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5 key elements of high converting landing pages (with examples)

High converting landing pages are characterized by their ability to get the reader to take a desired action. Unlike general website pages, visitors usually ‘land’ on a landing page (hence the name) after clicking a paid ad, social media post, link in an email, or some other external source.

Here are the 5 primary elements in place on all high-converting landing pages:

  1. Menu / Global navigation links are removed.
  2. There’s just ONE call to action.
  3. The headline grabs attention. It is neither boring nor shocking. (See tutorial!)
  4. The benefit of the offer is clear.
  5. Social proof supports clicking / filling out a form.

Ahem… Um… First: What even is a landing page?

A landing page is a stand alone web page with a single goal. That goal is usually (though not always) lead generation.

This is part of what separates sales pages, and other general website pages, from a landing page.

In addition, landing pages aren’t usually accessible using a website’s menu or navigation. They are accessed from paid ads, social media posts, email campaigns, or other links on the web.

What do high converting landing pages have in common?

The best landing pages do one thing well, and that’s convert traffic.

Whether you’re promoting an eBook, a contest, a free consultation or a quiz, the best indicator of whether or not your landing page works is if it converts visitors.

Conversion here means getting the visitor to take the desired action.

There are a few key elements that high converting landing pages usually have in common.

Data shows that navigation links are a distraction on landing pages. So when it comes to landing pages, skip the navigation links to improve your conversions.

A landing page is a stand-alone page that has a single goal. Adding navigation may distract the audience by giving them multiple paths to take.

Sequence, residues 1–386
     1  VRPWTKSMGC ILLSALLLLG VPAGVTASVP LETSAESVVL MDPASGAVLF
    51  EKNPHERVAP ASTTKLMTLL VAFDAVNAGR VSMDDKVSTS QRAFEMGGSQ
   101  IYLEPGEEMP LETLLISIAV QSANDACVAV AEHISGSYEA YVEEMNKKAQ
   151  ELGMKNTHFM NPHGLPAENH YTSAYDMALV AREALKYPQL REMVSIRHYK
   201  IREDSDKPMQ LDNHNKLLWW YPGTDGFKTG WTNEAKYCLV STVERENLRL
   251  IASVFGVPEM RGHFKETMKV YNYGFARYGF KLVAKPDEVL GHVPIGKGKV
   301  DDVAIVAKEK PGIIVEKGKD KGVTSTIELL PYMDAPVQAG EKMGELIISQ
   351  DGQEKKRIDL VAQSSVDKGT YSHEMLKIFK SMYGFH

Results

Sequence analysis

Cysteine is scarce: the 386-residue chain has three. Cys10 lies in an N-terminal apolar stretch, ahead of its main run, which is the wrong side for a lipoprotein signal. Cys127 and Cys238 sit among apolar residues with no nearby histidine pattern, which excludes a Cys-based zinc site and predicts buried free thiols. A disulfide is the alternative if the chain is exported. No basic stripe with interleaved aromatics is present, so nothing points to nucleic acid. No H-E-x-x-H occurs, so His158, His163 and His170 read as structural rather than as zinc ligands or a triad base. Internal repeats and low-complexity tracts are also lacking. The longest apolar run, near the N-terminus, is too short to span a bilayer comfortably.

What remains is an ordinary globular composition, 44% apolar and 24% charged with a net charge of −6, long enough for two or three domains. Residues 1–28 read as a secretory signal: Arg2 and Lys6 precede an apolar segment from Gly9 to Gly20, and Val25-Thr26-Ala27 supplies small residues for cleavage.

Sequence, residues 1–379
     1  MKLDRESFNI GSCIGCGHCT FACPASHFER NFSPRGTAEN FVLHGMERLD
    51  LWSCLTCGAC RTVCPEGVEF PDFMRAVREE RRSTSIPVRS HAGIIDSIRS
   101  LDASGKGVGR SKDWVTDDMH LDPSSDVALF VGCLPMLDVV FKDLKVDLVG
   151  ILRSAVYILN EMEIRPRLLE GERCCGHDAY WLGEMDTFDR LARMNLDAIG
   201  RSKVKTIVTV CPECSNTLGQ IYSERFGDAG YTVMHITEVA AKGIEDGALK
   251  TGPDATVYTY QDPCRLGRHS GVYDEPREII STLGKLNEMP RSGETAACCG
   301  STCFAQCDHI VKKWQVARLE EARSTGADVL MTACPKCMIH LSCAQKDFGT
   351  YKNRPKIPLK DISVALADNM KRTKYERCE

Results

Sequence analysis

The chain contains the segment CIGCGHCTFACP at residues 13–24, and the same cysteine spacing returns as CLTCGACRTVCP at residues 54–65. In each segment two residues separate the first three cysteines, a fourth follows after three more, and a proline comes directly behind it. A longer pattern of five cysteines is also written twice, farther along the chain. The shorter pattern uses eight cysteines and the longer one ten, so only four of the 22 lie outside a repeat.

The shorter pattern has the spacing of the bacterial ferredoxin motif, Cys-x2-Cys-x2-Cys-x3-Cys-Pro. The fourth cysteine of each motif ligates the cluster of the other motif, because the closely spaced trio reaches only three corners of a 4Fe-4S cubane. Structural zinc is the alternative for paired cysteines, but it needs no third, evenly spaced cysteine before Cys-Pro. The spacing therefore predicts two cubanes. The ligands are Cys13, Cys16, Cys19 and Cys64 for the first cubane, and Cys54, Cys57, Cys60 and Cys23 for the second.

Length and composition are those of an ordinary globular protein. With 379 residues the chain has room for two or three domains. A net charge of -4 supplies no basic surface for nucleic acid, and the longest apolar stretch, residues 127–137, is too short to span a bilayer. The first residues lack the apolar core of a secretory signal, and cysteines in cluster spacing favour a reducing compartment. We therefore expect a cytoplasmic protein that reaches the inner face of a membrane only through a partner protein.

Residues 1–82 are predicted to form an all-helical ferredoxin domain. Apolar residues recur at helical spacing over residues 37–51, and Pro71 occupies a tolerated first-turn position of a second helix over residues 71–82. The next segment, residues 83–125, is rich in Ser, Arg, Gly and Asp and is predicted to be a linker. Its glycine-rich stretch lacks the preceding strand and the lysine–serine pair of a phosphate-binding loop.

For best results, you should keep it simple by removing navigation. This makes it easier to guide the reader toward the desired action.

See it in action: Dixa

The Dixa landing page gets it right with navigation. There’s no menu to distract the reader, and the first CTA button appears prominently above the fold.

One thing they could’ve done better on this page though, is reduce the number of required fields on the opt-in form to reduce resistance.

Landing page example - Dixa
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2. A single call to action

Just like the absence of navigation, a single call to action helps keep your reader focused. It also increases the likelihood of them taking the desired action.

According to Hick’s Law, when we’re given too many choices, we take longer (and are less likely) to make a decision.

In marketing, we refer to the phenomenon as choice paralysis, and yes — it affects landing page conversions too.

See it in action: ExpressVPN

This ExpressVPN landing page has a single goal — get the reader to start a free 30-day trial.

There are multiple CTA buttons on the page, but every single one prompts the reader to do the same thing — start a trial.

There are no other links or buttons to distract the reader, because all roads buttons lead to the free trial activation.

Landing page example - ExpressVPN
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3. A captivating headline

Your headline is one of the first things your page visitor will see, so it’s important to ensure that it captures the essence of your offer.

High converting landing pages have headlines with a value proposition that clearly states the benefit of the offer to the reader.

In the Tutorial Tuesdays video below, Joanna Wiebe of Copyhackers shares some useful formulas you can use to craft your headline.

4. Clearly defined benefits

Your landing page should answer the question — what’s in it for me?

It’s important to give your visitor a valid reason to keep reading your landing page. And the best way to do that is by explaining the value of your offer in plain simple language.